# How is a Circle Just a Bunch of Triangles?

I am somehow supposed to draw how a circle is a bunch of triangles, but I don't see how it is possible.

Can someone help me, and give a few ideas?

• Hint: You're drawing more than just the circle this way. A lot of radial segments are involved. – MackTuesday May 26 '14 at 1:48
• A circle is not a bunch of triangles, so that's not possible. Perhaps you were supposed to approximate it with a lot of really thin triangles? – user2357112 supports Monica May 26 '14 at 1:49
• Are you referencing that the equation for a circle, $x^2+y^2=r^2$, is really just the Pythagorean theorem (which is, of course, about triangles). If so, the reason for that is that a circle is the set of all points that are the same distance from the center and the Pythagorean theorem is how we measure distance. HTH. – Jeff May 26 '14 at 1:52
• Everyone so far is conflating "circle" with "disc". – MackTuesday May 26 '14 at 1:57
• If that's what your teacher said, it's very vague. S/he may have been thinking of approximating a sphere by triangles, maybe? Like in this picture: opengl.org.ru/docs/pg/OpenGL%20Programming%20Guide%202.files/… – bradhd May 26 '14 at 2:05

We might think of a circle as a "bunch" of right-angled triangles with the hypotenuse originating at the center. Alternatively, we can approximate a circle, this can be done e.g. as in the following drawing: The second picture in Rebecca's answer shows that a circle can be approximated as closely as one might wish by a regular polygon with a large enough number of sides.

Each of those triangles has area 1/2 times base times height, and the height is approximately the radius of the circle, and the sum of the bases is the circumference of the polygon. Therefore the area of the polygon is 1/2 times that radial height times the circumference.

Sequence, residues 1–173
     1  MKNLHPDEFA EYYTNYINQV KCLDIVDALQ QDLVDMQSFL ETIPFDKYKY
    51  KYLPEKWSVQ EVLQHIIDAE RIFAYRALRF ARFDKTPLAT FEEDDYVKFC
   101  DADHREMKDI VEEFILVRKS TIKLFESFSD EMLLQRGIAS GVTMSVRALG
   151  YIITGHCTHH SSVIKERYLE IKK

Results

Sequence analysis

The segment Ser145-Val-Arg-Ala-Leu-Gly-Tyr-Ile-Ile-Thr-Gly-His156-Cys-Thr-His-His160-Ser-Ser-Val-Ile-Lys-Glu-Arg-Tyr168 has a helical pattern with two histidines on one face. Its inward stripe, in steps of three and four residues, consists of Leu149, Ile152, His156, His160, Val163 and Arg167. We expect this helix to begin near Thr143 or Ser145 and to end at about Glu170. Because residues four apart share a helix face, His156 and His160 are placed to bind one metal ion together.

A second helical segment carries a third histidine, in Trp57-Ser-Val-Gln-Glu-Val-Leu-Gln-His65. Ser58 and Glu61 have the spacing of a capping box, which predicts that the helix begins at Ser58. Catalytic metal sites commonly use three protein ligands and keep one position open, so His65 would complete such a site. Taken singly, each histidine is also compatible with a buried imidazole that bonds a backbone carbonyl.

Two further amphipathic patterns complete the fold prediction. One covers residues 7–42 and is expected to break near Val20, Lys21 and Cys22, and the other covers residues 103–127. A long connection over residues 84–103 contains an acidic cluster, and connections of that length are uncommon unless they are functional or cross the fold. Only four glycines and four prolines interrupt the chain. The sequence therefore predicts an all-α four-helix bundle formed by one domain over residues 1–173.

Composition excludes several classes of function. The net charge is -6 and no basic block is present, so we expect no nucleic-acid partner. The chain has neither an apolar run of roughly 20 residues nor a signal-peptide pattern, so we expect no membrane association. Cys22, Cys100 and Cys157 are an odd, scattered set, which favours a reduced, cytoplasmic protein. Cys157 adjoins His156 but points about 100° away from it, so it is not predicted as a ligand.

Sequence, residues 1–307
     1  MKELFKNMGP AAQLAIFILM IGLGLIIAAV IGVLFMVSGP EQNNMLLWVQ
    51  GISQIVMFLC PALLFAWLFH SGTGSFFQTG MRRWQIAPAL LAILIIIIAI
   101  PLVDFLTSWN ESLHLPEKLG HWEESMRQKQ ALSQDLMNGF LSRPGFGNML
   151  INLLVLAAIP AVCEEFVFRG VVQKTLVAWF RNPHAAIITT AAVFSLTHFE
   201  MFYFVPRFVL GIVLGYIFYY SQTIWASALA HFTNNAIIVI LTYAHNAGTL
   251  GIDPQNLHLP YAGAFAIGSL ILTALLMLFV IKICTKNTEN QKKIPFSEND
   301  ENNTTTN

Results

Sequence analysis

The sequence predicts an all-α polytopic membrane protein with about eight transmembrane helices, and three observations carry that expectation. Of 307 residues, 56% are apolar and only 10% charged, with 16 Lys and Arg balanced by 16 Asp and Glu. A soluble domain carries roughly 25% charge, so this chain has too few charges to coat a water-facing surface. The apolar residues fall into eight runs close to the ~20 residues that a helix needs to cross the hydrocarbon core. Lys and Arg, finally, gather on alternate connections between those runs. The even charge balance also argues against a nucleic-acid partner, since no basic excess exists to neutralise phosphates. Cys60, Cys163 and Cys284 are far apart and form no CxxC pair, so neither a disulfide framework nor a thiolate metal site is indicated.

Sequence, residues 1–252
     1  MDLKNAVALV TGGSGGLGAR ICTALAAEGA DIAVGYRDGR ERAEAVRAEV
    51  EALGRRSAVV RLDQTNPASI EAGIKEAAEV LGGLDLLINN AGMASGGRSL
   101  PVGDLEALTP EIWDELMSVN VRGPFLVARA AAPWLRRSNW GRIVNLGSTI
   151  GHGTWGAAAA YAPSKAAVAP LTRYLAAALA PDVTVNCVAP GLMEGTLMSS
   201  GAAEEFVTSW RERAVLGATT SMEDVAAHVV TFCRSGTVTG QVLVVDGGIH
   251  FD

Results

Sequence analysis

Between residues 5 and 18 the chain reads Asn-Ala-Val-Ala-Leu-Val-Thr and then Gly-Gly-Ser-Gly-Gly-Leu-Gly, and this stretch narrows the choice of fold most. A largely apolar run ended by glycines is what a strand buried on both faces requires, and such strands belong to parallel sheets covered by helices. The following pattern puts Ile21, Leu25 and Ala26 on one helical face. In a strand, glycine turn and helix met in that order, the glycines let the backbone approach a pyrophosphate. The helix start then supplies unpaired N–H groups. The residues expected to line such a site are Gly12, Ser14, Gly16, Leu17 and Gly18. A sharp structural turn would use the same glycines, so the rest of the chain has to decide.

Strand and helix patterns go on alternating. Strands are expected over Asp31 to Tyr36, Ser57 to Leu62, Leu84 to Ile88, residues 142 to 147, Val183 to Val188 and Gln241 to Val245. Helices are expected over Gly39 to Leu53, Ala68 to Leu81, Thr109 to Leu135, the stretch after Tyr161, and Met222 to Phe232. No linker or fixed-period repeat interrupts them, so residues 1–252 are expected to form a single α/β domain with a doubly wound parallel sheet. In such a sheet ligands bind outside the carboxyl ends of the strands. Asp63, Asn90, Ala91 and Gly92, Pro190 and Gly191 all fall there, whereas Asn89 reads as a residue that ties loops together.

It may be tempting to think that this shows only that the area of a circle is approximately 1/2 times radius times circumference.

But just supposing the area of the circle differs from 1/2 times radius times circumference by some unimaginably tiny but nonzero amount. Then one can make the difference less than that tiny amount by choosing a similarly unimaginably large number of sides of the polygon. Conclusion: the area of the circle is exactly 1/2 times circumference times radius.

People like Leibniz and Euler would say simply that there are infinitely many infinitely thin triangles, and the areas of the circle is the sum of their areas.

• Thanks, this really helps me with understanding the picture better. – IHeartBunnies May 26 '14 at 2:30

In addition to Rebecca's answer, you can also approximate the circle by starting with an inscribed equiliteral triangle and drawing more trangles on the edges: You could keep adding triangles on the edges of the previous ones to get very close to a circle

This is common in computer graphics to break down shapes into triangles. Computers like triangles. The disadvantage is that triangles have straight edges so it takes a lot of them to make the ILLUSION of a curve. A circle isn't really a bunch of triangles but it can be very nearly a bunch of triangles. Calculus is based around a similar idea

• I once read a book called The Calculus Direct: An intuitively Obvious Approach to a Basic Understanding of the Calculus for the Casual Observer by John Weiss. I suggest reading it as I learnt the intuition behind calculus. From memory it isn't too expensive – Mmm May 26 '14 at 10:38

Here are 50 triangles that are rotated around the vertex: And here are 50 triangles rotated around the center: